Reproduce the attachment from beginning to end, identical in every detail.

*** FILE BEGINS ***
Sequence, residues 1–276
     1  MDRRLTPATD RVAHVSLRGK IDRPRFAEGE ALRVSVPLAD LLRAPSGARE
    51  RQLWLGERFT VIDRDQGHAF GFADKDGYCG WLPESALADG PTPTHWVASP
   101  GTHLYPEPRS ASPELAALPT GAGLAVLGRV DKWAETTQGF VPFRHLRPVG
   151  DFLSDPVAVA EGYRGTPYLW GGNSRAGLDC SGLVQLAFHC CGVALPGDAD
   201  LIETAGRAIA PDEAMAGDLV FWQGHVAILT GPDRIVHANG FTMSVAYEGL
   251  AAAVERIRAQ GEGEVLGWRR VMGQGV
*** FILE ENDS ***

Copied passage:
Sequence, residues 1–276
     1  MDRRLTPATD RVAHVSLRGK IDRPRFAEGE ALRVSVPLAD LLRAPSGARE
    51  RQLWLGERFT VIDRDQGHAF GFADKDGYCG WLPESALADG PTPTHWVASP
   101  GTHLYPEPRS ASPELAALPT GAGLAVLGRV DKWAETTQGF VPFRHLRPVG
   151  DFLSDPVAVA EGYRGTPYLW GGNSRAGLDC SGLVQLAFHC CGVALPGDAD
   201  LIETAGRAIA PDEAMAGDLV FWQGHVAILT GPDRIVHANG FTMSVAYEGL
   251  AAAVERIRAQ GEGEVLGWRR VMGQGV